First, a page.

The Pursuits of Philosophy: An Introduction to the Life and Thought of David Hume
by Annette C. Baier
(Harvard University Press, 2011, 176 pages)
This is an insightful and accessible biographical and intellectual introduction to David Hume, the 18th century Scottish philosopher. The format is very engaging and not only gives the reader summaries of Hume’s various writings, but it also grants an opportunity to sample one of his shorter works. Each chapter begins with an extended section from Hume’s autobiographical essay, My Own Life, and the chapters then follow the course that Hume set. The opening paragraphs of Hume’s essay recount his childhood and early life, and Baier’s first chapter deals with Hume’s family relations, education, and his early loss of religious faith. All seven chapters follow this format, dealing with Hume’s stints in France, the writing of his Treatise of Human Nature, his work as a historian and librarian, and various other aspects of his life.
Baier gives her readers critical analysis of Hume’s major works while offering an entertaining and insightful look at his personality. The format, which grounds literary analysis in the structure of a biographical narrative, helps to show how the events of Hume’s life and his personality influenced the shape and subjects of his literary career. Baier manages to do this without descending into psychological reductionism. She very much accomplishes the goal she sets for herself, which is “to bring life and works together, guided mainly by Hume’s own words” (132).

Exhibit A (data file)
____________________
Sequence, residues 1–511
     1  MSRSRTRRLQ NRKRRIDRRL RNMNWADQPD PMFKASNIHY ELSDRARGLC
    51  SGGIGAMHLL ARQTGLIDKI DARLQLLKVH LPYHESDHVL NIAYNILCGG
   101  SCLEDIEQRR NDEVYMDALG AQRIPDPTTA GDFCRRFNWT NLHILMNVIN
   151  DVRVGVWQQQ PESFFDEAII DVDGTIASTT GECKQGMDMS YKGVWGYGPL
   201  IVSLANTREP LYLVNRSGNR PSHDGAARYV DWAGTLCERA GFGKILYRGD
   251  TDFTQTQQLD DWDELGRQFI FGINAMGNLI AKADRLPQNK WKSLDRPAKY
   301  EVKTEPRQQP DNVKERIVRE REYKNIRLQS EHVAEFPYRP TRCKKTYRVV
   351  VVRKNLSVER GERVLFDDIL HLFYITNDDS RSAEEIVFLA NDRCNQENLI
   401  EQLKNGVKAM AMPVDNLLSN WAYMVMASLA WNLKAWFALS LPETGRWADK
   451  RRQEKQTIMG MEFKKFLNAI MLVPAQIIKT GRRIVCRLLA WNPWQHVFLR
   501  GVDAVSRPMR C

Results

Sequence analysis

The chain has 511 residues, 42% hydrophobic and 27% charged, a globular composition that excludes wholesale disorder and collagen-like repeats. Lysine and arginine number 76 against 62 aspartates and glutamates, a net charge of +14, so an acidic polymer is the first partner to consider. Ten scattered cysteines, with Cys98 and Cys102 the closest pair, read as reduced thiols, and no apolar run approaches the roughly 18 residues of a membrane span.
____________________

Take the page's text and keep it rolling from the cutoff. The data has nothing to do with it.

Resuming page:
Baier is mainly interested in summarizing Hume’s work, and given this goal, coupled with the brevity of the work, there is not a lot by way of original contribution to Humean studies. However, she does have a specific take on Hume, and offers some of her thoughts about his contributions in the afterward. A particular point of interest for me was her commendation of Hume’s “true scepticism,” which involved “avoidance of advancing theses on controversial matters which are claimed as gospel truth, where we are asked just to trust his say-so” (143). Hume was a skeptic – regarding both the basic ability of humans to gain fully accurate knowledge of the world as well as the basic tenets of theism – but he never allowed his skepticism to become a simple reversal of the religious dogmatism that he rejected. I think that this Humean skepticism could serve as a good corrective to some of the vitriolic versions of religious skepticism prominent today, such as the “new atheism” of Richard Dawkins, Sam Harris, and Daniel Dennett.
For those who are approaching Hume for the first time, but would like a brief summary of his thought to direct their reading, this book would serve very well. If, like myself, the reader has tackled some of Hume’s philosophical works (for which he is best known) but would like to get a broader perspective on the other genres in which he wrote, it is also very enjoyable.